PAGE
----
Yes, it was in a drunken state that I decided that we were moving to China to teach English. Maybe that’s why we are still in Kearney, Ne and didn’t ACTUALLY move to China in January, but nonetheless it was this thought process that stemmed A LOT of our moving plans. I did put quite a bit of research and preparation into “our move” to China. In fact, I even purchased the schooling to get certified to teach English. After much research, and e-mails back and forth from representatives from different TEFL (teach english as foreign language) organizations I decided to give about $450 to www.teflonline.com to get my teaching certificate.
(Here’s another company TEFL that I just found out about…it looks really good: i-to-i Travel)
I never realized that learning a language I already knew would be so difficult. I’m currently averaging a grade of a 94 out of 100…not bad, but I have higher expectations for myself.
3 Easy TEFL test questions
1). He is an excellent actor.
a. Pronoun as direct object
b. Pronoun as subject
2). Give me the ball.
a. Noun as direct object
b. Noun as subject
c. Noun as indirect object
3). The President spoke for an hour.
c. Direct object
It’s been a challenging and rewarding process to learn how to teach English. I was in honors English in high school, but this has been more different than a high school English class. Reading a book on Shakespeare, then writing a 10 page essay is A LOT different then knowing that teaching a different culture of student will have different challenges. A student in Thailand never remembers their final ‘s’ on any word, or a Japanese student most likely will speak with what seems like a monotone rhythm putting the wrong intonations on words, not to mention that they have different characters for their alphabet.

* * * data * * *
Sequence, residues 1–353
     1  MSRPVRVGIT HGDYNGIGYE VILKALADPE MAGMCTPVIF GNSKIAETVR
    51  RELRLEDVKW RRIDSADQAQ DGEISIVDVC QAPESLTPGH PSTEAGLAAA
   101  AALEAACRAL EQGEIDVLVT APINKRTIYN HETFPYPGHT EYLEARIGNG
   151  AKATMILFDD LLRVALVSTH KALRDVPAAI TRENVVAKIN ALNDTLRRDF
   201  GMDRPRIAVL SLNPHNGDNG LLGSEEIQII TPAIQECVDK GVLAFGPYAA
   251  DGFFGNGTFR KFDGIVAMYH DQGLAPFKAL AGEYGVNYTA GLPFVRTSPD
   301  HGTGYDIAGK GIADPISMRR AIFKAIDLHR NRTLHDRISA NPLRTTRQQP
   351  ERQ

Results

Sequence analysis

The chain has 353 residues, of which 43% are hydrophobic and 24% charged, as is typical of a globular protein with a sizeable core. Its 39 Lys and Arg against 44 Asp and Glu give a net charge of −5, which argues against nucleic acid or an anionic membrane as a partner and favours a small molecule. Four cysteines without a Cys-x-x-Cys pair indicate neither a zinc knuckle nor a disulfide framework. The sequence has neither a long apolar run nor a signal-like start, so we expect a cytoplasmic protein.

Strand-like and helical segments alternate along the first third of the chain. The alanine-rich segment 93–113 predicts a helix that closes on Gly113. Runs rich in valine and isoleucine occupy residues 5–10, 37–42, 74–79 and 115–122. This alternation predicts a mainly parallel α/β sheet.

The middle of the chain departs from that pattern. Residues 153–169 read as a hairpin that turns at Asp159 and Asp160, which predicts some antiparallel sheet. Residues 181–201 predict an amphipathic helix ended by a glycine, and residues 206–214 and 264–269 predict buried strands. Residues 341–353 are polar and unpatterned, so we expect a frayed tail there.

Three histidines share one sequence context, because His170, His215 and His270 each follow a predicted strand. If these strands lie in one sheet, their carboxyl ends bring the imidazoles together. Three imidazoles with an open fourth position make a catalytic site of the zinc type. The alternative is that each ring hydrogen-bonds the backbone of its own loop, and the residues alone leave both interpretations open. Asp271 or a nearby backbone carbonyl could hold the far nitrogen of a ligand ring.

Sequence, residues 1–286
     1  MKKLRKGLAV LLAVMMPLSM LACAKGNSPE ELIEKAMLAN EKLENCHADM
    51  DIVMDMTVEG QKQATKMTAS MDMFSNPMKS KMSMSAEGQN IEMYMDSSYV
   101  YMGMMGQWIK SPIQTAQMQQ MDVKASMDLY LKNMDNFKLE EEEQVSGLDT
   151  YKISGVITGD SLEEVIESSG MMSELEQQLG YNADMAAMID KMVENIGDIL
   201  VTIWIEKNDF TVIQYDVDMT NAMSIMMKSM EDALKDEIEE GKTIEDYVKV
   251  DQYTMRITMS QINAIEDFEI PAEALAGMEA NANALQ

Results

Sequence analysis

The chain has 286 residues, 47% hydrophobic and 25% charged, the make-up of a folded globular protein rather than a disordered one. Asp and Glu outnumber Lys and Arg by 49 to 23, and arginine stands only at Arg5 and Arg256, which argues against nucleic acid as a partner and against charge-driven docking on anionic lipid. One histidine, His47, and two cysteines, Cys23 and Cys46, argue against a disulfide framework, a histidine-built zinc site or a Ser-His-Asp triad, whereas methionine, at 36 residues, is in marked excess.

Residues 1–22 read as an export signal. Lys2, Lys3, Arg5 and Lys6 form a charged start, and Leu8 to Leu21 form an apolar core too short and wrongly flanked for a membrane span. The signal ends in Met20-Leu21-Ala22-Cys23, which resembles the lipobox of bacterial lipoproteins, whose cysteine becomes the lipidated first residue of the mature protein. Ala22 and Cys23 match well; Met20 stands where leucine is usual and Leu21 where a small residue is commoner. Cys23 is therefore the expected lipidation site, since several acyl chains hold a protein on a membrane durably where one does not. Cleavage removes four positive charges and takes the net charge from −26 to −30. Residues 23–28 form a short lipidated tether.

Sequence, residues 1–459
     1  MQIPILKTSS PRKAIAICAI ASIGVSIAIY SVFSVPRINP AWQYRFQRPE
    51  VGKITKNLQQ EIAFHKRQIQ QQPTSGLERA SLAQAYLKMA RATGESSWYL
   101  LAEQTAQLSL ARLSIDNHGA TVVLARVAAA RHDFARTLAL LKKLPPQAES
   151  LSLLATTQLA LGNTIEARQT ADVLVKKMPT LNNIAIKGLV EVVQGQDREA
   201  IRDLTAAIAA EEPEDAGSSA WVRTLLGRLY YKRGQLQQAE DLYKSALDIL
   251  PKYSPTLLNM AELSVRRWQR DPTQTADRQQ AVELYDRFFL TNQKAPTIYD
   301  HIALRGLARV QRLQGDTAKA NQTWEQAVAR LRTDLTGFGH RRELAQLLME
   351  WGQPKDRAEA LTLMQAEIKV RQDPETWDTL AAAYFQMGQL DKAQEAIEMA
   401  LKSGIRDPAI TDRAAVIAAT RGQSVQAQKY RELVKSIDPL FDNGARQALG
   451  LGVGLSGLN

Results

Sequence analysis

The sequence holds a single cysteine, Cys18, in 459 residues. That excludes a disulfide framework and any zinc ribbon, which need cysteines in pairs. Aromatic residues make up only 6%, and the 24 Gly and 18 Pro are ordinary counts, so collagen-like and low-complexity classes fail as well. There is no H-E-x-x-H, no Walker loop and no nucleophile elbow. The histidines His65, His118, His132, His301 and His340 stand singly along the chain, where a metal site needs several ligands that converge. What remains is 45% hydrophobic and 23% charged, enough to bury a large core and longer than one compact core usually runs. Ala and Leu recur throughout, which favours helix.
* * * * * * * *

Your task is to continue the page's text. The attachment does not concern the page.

Did you know, because it’s spelling is only loosely phonetic, the spelling system of English is one of the most difficult in the world. Look at the following list of words:
Rough, dough, thoughtful, plough, through, borough, slough, cough, hiccough. The letters ‘ough’ in the words represent many different sounds.
Imagine, then trying to explain to a foreign student, that although they are spelled similarly, they sound different. I’ll just cross my fingers and hope they don’t ask the question “WHY, do they sound different?” The more I learn the English language, the more terrified I am of teaching it. I’m more scared to set foot in a classroom than on foreign soil…this will be the fear that could paralyze me. BUT I WONT LET IT!
If you have questions about TEFL, or would like to ask me a challenging question – to see if I can answer it- please don’t hesitate to respond below!
…I feel that I’m getting ahead of myself however, I still have so much to share before the moment I started getting my TEFL certification. Let’s jump back to November…